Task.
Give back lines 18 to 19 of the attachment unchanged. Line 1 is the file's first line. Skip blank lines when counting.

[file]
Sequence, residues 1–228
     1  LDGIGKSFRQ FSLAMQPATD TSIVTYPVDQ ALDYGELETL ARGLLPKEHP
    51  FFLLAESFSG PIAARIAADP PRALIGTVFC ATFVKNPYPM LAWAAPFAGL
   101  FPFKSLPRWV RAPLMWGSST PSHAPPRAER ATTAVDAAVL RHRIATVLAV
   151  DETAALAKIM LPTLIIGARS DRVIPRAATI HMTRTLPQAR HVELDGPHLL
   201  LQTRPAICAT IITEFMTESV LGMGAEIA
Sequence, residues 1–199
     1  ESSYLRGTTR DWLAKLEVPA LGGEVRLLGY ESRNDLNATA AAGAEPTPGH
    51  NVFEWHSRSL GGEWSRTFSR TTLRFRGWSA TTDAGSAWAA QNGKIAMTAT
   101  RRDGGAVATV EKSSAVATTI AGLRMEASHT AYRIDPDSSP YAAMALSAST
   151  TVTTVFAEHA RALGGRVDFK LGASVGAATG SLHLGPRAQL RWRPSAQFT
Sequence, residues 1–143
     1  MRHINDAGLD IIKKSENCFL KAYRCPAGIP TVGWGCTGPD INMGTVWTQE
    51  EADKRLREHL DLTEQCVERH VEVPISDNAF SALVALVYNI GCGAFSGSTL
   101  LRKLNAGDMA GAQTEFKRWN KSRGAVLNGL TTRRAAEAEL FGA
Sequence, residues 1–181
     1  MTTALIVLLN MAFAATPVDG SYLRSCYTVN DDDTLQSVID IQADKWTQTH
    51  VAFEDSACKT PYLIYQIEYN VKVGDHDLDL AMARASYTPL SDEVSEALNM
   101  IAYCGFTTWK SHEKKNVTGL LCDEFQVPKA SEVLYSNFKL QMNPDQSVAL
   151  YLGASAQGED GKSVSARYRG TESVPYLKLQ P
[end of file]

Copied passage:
    51  VAFEDSACKT PYLIYQIEYN VKVGDHDLDL AMARASYTPL SDEVSEALNM
   101  IAYCGFTTWK SHEKKNVTGL LCDEFQVPKA SEVLYSNFKL QMNPDQSVAL